Chinese Road Rage

by Dan Denning

There’s no problem that cannot be turned into an opportunity. But that doesn’t mean you should ignore problems. Quite the opposite.

But the only way you can profit from opportunities is to know as much about the risks as you can. It’s ironic that at the moment of their apparent economic triumph, China’s Communists could be blindsided by the unintended consequences of globalization. But when you unleash the powerful human desire to be rich, the desire to be free is not far behind.

But let me put it to your more simply: China’s Communist government will collapse within 10 years.

This will be more than a little politically disruptive. And it could, briefly, rock the world’s financial and commodity markets. But the long-term bullish economic picture won’t change. Asia is the greatest investment story of your lifetime. But the short-term political picture surely will change. And soon.

Sound far-fetched? Wishful thinking? Think again…

“Thousands of people went on a rampage, smashing police cars, hurling rocks at paramilitary officers and attacking a police station in a disturbance that lasted several hours,” Times of London reporter Oliver August wrote from Beijing yesterday.

“The incident, in Chizhou, Anhui province, was apparently triggered by a minor road accident, which prompted a brawl that quickly became a riot involving up to 10,000 people.”

Only in China can a random act of road rage spark a riot with 10,000 angry people. China is the Texas of the world. In China, everything is bigger, including the road rage. The government is big, too.

Yet it’s barely big enough to contain the growing frustration of the people with pollution, corruption, and the obvious gap between those who have done very well in the new China, and those who have not. “The incident reflects a growing degree of dissatisfaction and distrust with authorities in China, which has repeatedly been expressed in social unrest,” August adds.

“Recent uprisings in the former Soviet republics of Ukraine, Kyrgyzstan, and Georgia have led to further unease in Beijing. Some Chinese experts say that the protests within China are reminiscent of 1989 protest in Tiananmen Square.”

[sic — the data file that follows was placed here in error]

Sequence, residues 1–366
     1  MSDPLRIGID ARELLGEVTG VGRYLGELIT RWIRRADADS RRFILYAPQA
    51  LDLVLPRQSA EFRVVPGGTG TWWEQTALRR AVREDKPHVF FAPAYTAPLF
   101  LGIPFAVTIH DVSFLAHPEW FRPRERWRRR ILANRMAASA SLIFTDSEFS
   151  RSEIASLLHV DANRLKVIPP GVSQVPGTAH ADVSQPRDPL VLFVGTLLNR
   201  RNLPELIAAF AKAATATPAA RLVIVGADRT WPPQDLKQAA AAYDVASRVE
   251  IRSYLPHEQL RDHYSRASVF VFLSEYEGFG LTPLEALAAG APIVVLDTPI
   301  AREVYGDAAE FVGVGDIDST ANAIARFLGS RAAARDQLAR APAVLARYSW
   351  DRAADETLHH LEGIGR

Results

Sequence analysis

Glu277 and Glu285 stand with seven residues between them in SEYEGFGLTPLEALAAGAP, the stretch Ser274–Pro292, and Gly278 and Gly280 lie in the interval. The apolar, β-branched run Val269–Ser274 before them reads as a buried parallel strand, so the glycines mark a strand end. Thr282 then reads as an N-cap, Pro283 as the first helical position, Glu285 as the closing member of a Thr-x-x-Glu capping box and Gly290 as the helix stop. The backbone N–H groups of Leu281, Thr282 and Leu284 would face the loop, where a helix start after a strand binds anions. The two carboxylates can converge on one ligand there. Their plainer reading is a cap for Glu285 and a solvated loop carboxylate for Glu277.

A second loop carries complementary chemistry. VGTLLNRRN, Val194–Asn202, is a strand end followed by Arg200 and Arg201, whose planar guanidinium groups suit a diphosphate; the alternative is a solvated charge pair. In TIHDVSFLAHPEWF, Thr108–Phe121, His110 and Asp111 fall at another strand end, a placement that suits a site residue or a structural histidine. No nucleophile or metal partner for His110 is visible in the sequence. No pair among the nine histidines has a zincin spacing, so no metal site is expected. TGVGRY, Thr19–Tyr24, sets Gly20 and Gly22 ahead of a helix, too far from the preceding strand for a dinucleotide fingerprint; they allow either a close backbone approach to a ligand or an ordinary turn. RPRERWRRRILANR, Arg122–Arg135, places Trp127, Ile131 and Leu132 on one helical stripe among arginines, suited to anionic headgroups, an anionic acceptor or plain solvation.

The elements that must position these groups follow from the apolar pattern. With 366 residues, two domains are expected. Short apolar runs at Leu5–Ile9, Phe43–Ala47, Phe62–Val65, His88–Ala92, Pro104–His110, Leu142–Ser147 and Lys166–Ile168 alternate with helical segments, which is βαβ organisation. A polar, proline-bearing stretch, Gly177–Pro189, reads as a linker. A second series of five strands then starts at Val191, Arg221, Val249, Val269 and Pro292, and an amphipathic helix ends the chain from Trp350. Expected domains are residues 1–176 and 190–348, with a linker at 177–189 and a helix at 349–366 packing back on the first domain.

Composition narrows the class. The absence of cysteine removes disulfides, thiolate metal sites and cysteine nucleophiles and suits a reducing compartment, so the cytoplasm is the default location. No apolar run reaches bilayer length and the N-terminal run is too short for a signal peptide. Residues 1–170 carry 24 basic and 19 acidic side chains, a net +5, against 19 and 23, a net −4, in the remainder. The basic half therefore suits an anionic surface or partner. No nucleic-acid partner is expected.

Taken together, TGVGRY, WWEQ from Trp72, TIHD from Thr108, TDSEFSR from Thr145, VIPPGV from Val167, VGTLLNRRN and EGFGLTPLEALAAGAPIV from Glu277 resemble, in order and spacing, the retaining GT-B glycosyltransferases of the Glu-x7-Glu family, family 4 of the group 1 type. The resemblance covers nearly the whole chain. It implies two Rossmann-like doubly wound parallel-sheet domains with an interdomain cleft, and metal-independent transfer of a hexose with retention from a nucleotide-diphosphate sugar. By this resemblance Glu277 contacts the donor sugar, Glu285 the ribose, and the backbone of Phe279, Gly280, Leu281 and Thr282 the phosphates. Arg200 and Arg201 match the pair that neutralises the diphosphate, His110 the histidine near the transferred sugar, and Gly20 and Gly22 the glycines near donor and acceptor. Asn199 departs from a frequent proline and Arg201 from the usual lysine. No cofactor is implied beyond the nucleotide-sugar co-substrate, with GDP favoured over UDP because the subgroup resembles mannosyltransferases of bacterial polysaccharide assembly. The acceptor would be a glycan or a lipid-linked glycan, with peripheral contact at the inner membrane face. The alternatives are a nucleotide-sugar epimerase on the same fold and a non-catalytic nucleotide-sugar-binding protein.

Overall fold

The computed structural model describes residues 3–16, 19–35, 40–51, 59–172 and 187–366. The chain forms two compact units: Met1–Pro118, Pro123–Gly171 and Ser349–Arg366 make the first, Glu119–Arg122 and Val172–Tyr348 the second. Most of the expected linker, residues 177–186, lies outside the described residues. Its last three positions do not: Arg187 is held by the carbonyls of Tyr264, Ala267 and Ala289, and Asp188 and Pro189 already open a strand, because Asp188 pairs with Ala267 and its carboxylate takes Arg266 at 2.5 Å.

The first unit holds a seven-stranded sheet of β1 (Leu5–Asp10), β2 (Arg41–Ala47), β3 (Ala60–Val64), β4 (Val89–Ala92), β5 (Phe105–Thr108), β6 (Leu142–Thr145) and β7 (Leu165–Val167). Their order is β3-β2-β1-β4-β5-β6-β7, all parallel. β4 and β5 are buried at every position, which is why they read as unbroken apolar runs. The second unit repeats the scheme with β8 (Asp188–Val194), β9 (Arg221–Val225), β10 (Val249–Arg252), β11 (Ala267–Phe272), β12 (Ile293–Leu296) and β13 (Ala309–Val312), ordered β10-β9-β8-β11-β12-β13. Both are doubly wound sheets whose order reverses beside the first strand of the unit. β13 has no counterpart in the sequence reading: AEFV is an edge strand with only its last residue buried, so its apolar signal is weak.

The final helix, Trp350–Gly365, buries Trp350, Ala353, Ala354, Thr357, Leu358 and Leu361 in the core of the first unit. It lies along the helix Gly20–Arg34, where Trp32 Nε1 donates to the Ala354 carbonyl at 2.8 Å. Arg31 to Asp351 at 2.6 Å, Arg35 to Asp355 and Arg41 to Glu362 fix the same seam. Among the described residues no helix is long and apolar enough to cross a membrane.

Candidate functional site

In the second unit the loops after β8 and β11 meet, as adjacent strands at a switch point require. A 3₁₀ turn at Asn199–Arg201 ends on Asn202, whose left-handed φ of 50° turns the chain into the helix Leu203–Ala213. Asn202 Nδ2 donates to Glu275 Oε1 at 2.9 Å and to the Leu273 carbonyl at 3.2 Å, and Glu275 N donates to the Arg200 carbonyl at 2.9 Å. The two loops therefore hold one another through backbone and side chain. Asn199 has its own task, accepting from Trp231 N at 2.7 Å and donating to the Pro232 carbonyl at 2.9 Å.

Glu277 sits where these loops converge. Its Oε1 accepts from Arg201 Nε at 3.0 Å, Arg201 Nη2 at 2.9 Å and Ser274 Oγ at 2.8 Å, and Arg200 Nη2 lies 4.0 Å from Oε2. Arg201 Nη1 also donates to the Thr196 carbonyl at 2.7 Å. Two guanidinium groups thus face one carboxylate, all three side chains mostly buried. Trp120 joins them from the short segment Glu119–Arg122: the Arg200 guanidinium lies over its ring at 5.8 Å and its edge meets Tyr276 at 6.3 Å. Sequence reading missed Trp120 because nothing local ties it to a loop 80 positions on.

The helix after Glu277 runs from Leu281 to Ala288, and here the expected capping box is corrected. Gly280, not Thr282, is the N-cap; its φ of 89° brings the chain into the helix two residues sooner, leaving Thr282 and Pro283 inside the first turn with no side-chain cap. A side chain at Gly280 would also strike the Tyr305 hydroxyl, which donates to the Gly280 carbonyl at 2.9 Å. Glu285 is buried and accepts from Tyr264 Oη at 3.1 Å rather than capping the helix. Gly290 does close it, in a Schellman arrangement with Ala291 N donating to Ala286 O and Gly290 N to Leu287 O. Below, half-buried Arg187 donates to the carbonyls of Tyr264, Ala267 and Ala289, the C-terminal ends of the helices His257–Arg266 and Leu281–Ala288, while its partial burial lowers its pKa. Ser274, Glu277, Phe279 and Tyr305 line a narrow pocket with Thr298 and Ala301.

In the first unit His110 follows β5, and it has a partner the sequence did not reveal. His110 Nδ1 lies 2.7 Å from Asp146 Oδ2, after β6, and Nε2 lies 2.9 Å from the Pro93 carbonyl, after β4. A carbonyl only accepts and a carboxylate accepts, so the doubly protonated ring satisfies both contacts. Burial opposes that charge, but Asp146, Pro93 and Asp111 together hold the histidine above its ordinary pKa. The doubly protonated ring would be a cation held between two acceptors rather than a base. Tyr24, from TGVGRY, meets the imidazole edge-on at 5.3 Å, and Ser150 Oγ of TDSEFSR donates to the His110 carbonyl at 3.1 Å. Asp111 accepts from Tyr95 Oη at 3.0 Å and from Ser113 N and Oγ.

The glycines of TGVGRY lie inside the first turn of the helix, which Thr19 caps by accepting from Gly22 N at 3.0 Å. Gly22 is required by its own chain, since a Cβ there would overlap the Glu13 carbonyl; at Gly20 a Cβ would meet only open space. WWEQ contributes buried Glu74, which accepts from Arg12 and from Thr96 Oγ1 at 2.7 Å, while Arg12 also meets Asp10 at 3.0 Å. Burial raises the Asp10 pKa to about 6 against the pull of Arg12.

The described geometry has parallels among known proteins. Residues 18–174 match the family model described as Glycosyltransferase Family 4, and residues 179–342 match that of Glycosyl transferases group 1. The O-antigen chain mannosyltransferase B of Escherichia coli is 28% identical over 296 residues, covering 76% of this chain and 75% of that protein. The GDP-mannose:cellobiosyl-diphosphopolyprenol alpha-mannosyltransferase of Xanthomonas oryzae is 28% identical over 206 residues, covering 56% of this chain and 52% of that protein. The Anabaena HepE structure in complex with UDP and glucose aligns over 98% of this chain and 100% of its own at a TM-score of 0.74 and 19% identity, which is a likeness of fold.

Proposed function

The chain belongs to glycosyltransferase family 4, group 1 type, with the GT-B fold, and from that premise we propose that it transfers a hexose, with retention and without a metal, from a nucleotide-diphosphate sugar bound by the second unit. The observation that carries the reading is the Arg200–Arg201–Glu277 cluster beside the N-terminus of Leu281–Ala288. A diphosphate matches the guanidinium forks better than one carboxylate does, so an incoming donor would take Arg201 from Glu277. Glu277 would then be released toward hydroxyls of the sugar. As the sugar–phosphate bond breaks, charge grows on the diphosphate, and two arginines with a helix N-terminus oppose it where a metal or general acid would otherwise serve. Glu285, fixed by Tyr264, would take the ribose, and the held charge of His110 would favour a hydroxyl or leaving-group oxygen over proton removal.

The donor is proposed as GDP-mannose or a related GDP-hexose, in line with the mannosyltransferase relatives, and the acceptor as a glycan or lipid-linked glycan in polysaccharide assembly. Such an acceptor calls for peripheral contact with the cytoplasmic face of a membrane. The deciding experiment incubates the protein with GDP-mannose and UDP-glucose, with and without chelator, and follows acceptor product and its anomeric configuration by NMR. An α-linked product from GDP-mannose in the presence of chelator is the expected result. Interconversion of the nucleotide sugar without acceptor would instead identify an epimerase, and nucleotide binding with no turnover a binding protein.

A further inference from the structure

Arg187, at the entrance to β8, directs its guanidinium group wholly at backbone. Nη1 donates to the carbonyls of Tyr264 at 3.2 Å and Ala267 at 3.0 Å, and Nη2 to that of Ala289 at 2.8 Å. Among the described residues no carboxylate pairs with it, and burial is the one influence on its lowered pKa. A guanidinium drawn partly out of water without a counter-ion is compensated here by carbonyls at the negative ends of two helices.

Don’t get me wrong. I’m not wishing bad things for the Chinese people. I actually walked through Tiananmen Square myself, nearly 15 years to the day after the democracy protests were crushed. I’ve written about it in The Bull Hunter. And I’ll tell you what I’ve written there: I was impressed with the energy and the optimism (and determination) of nearly everyone I met in China. They want success. And they are willing to work for it.

In The Bull Hunter, I ask whether economic success can be had without political freedom first. In 17th-century Britain, political freedom paved the way for private property, higher savings rates, investment, and Britain’s stunning global success. Must China follow the same path?

Unlike some in Harry Potter, I can’t see the future.

But as one of my friends suggested to me in the quote above from The Bull Hunter, there is an invisible tie between liberty and prosperity. You can have some of the latter without all of the former.

But it’s going to be very hard for the Communists in Beijing to manage and plan for the needs of 1.2 billion teeming new capitalists. Frankly, no government in the world would be up to the task. For the kind of problems China faces, markets always work better than governments.

For investors, that means that the real profits from China will begin after the Communists are swept aside. It will be possible, of course, to profit while the Communists are still in power. I call it “China profits without the China risk” in The Bull Hunter.

But the biggest fortunes will be made when China is democratic and free. The Chinese people will get rich (not the government). And so will investors who are ready for that moment. It may be sooner than you think.